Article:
6. 6. Loss of stability: divorce does this, especially if the child has to move to a new house (cf. custody change with PA claims, by the way) or change schools.
7. 7. Loss of security: divorce also brings about financial loss, disagreements about child support, and the loss of the sense of a back-up adult if one has a problem. We don’t need to look for the child’s voice in court as causing these things.
8. 8. Doing the job of an adult: this is only a concern if we assume along PA lines that only adults can speak about their thoughts and feelings. Conventional therapists generally try to teach children to do those things.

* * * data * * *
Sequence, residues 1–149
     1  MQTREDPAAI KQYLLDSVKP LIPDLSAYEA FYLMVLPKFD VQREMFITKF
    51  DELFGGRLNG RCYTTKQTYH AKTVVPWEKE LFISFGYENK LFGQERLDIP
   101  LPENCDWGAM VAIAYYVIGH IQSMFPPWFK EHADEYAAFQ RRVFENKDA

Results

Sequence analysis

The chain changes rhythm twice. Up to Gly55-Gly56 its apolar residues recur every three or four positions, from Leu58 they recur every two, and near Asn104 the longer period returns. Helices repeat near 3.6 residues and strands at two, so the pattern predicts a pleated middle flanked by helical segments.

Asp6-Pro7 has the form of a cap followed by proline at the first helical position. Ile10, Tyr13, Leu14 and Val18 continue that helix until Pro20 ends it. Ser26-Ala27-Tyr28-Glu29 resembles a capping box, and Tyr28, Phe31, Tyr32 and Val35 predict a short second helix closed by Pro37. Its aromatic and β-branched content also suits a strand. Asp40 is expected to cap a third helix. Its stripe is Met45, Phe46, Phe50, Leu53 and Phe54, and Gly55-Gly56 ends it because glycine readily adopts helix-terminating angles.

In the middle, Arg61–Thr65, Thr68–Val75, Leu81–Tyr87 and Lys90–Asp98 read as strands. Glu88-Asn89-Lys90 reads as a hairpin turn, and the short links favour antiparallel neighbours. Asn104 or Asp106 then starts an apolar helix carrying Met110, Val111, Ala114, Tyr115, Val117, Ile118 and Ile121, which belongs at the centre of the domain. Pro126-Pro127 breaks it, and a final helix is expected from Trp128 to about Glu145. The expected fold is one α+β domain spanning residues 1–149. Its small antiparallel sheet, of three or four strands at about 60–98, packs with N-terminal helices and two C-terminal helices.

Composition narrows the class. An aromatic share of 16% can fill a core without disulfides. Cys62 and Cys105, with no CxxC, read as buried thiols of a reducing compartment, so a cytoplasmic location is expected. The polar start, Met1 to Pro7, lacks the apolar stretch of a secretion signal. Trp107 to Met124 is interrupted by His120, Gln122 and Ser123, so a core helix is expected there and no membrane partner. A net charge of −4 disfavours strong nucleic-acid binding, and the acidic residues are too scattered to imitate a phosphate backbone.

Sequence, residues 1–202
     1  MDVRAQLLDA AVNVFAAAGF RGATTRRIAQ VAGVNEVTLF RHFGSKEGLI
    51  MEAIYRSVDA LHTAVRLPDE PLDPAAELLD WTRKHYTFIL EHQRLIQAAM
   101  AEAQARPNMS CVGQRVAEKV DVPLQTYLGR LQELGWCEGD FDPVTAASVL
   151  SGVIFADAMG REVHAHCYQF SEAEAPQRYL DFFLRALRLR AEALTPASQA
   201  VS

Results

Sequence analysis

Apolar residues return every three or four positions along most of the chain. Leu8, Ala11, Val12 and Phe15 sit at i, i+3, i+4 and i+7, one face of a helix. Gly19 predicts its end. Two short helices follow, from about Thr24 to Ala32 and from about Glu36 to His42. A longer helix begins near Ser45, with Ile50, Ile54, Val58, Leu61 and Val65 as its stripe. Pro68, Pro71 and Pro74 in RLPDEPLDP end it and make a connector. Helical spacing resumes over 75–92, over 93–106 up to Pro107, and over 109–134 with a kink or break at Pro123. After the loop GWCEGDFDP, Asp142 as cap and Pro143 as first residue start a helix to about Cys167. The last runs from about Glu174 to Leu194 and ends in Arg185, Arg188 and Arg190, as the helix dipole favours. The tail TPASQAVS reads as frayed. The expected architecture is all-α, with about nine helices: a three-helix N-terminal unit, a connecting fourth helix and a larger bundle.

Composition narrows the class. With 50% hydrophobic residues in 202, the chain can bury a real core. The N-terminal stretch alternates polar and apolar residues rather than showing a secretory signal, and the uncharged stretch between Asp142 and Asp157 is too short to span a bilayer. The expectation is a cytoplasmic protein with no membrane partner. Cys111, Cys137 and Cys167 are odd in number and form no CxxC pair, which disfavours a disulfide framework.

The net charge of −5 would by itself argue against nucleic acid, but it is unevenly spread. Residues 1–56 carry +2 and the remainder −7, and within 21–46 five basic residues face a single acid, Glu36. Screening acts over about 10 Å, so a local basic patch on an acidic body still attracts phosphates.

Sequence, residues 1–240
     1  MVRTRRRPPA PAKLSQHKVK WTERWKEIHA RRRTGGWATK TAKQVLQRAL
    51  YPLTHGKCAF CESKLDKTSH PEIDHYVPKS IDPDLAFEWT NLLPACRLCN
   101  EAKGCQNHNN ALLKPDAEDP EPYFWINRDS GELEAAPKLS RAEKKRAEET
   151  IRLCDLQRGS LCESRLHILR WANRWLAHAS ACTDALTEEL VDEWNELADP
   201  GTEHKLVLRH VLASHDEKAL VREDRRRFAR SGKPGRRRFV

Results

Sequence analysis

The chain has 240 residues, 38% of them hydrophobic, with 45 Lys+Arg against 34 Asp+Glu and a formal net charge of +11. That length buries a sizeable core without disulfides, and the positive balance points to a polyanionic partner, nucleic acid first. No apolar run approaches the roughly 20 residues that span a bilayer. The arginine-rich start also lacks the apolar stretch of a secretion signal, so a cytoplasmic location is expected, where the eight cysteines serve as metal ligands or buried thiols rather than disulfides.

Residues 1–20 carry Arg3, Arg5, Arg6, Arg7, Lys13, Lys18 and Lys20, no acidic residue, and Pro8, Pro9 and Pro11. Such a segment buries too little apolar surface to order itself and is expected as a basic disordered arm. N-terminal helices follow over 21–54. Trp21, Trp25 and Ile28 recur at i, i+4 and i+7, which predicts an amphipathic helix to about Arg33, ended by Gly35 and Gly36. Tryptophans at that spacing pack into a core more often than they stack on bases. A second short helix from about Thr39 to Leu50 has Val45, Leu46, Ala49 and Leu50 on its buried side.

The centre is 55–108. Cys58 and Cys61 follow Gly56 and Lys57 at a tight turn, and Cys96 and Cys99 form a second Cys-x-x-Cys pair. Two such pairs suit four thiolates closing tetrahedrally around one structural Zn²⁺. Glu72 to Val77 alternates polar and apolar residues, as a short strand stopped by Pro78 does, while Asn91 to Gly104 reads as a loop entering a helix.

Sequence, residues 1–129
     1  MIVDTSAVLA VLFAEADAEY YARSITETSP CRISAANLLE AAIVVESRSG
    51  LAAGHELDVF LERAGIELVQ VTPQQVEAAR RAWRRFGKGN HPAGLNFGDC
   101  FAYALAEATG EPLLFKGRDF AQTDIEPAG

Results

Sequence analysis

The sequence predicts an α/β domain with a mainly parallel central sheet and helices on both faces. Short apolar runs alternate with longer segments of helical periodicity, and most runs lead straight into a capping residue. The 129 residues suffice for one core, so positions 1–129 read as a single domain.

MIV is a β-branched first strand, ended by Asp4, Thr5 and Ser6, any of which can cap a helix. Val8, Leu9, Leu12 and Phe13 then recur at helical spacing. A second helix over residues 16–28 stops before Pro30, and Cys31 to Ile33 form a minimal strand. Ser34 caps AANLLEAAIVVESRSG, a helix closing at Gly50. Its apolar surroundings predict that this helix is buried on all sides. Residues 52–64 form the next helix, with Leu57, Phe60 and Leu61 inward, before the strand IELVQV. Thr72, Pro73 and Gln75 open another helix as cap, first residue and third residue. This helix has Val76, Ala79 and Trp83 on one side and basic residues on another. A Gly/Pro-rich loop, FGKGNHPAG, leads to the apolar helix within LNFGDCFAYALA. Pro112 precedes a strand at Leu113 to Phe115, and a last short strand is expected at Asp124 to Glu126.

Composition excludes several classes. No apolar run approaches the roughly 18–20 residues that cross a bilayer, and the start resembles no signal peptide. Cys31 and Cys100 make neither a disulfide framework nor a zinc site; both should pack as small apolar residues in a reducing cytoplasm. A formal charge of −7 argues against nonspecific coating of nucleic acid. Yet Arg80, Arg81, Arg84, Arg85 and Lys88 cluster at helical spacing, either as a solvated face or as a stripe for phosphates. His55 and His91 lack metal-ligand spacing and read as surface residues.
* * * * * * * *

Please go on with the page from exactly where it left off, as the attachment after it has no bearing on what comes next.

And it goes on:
9. 9. Increased anxiety is the lot of any child in a high-conflict divorce and would presumably be reduced by a sense of some autonomous participation.
1 10. Parentification: This will be a problem if the child feels that he or she must “take care of” a parent who is incompetent, no matter whether the child can speak in court. The solution is more likely to be to give the adult guidance toward competence, not to silence the child.
1 11 . Adultified children: same as #s 8 and 10.
1 12.. Role confusion: I think the presenters really mean the same thing as they meant in 8, 10, and 11, rather than the term role confusion as used by Erik Erikson in his discussion of adolescent personality development.
1 13. Heightened anxiety: see #9.